There are really two main sets of complaints about the "Washington consensus" recommendations. One set of complaints is that a united DC-centered policy establishment was telling countries around the world what to do in an overly detailed and intrusive way. The other complaint was that the recommendations weren't showing meaningful results for improved economic growth in countries of Latin America, Africa, or elsewhere. As Easterly points out, these complaints were being voiced by the mid-1990s. 

Conversely, standard responses were that many of these countries had not actually adopted the list of 10 policy reforms. Moreover, the responses went, there is no instant-fix set of policies for raising economic growth, and these policies need to be maintained in place for years (or decades?) before their effects will be meaningful.  And there the controversy (mostly) rested.

Easterly is (wisely) not seeking to refight the specific proposals of the Washington consensus. Instead,  he is just pointing out some basic facts. The share of countries with extremely negative macroeconomic outcomes--like very high inflation, or very high black market premiums on the exchange rate for currency--diminished sharply in the 21st century, as compared to the 1980s and 1990s. Here are a couple of figures from Easterly's NBER working paper:


These kinds of figures provide a context for the 1990 Washington consensus: for example, in the late 1980s and early 1990s when between 25-40% of all countries in the world had inflation rates greater than 40%, getting that wildfire under control had a high level of importance.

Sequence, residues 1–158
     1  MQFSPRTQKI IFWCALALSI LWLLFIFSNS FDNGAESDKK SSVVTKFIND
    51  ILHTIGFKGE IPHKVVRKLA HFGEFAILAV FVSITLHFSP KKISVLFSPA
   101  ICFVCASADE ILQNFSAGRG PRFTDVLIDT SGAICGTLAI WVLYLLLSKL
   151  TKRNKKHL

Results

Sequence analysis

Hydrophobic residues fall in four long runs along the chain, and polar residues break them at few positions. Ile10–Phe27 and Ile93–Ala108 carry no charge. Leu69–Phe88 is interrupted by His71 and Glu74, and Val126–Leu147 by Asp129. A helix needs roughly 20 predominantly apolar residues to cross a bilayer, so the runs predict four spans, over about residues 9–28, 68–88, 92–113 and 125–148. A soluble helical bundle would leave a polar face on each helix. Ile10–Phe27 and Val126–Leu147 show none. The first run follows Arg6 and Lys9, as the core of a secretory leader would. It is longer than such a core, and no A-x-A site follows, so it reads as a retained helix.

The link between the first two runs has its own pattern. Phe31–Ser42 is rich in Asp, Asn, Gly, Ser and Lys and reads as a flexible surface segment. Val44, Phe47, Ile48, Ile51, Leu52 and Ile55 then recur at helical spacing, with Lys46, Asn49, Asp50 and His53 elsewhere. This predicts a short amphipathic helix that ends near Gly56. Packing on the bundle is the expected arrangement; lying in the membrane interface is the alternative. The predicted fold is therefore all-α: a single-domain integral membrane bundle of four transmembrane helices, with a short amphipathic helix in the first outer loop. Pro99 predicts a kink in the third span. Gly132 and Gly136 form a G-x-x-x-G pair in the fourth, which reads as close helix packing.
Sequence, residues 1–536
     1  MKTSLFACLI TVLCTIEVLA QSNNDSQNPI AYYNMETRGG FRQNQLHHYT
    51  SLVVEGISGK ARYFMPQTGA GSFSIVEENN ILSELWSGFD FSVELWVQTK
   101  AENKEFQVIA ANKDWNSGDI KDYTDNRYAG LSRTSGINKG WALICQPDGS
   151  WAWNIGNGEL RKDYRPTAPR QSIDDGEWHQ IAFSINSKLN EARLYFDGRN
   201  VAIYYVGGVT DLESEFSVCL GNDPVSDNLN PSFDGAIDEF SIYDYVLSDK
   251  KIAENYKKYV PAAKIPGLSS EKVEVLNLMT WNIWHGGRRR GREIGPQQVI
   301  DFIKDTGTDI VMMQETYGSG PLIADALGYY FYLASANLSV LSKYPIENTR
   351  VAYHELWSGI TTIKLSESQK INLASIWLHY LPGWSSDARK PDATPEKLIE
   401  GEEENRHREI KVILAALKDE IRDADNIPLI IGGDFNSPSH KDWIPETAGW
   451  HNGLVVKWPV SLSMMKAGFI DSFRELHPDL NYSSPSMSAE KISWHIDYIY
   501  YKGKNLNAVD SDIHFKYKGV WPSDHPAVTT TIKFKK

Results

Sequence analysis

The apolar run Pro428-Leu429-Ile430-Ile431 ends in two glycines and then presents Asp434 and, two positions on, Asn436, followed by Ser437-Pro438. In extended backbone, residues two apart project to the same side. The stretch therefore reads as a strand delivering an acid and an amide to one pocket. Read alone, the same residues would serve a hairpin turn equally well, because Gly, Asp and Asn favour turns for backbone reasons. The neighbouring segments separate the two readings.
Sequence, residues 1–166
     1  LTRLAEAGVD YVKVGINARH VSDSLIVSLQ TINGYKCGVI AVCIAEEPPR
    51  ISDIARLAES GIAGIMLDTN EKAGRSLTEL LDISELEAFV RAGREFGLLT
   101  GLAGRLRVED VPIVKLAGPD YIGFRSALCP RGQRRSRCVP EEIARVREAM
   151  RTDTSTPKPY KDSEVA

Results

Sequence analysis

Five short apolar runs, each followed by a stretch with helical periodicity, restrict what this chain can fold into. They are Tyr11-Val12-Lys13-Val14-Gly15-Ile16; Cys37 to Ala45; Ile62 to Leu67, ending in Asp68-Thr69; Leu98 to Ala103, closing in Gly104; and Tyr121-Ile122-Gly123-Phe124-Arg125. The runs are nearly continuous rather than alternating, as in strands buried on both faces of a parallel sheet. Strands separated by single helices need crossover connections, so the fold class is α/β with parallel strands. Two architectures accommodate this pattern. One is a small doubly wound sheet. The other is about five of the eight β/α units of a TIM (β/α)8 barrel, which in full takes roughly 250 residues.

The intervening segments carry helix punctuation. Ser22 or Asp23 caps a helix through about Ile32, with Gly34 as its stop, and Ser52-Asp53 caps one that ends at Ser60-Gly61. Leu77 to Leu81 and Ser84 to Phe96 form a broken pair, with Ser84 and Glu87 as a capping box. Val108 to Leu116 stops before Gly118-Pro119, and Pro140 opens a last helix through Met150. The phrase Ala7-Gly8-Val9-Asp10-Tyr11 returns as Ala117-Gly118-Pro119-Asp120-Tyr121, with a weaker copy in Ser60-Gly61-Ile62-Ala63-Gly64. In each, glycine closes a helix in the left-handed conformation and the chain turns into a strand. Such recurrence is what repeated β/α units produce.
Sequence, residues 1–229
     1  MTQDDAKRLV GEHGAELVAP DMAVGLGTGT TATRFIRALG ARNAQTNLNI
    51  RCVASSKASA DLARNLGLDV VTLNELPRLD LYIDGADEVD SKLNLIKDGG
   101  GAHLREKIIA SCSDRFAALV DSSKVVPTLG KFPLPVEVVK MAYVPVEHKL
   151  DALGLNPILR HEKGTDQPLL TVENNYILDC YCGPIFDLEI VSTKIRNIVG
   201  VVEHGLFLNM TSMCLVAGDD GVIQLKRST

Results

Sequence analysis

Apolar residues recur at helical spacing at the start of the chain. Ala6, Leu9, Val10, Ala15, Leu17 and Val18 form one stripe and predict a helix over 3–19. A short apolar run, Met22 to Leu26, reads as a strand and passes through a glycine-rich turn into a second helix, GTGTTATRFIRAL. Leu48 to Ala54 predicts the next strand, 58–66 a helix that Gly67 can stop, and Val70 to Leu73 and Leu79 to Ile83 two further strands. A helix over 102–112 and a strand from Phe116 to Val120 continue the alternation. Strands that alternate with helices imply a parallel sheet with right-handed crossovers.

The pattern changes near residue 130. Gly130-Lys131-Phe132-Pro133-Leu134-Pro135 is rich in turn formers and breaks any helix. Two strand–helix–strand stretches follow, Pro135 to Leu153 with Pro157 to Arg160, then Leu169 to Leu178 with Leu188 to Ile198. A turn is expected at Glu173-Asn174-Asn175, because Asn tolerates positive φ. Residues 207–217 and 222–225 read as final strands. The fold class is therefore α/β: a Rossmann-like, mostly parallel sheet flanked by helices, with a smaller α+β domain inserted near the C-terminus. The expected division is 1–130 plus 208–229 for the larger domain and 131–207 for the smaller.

Easterly also points out that when these extremely undesirable outcomes diminished in the 1990s, growth across countries of Latin America and Africa has done better in the 21st century. Easterly thus offers this gentle reconsideration of the Washington consensus policies: 
The new stylized facts seem most consistent with a position between complete dismissal and vindication of the Washington Consensus. ... Even critics of the Washington Consensus might agree that extreme ranges of inflation, black market premiums, overvaluation, negative real interest rates, and repression of trade were undesirable. ...
Despite these caveats, the new stylized facts are consistent with a more positive view of reform, compared to the previous consensus on doubting reform. The reform critics (including me) failed to emphasize the dangers of extreme policies in the previous reform literature or to note how common extreme policies were. Even if the reform movement was far from a complete shift to “free market policies,” it at least seems to have accomplished the elimination of the most extreme policy distortions of markets, which is associated with the revival of growth in African, Latin American, and other countries that had extreme policies.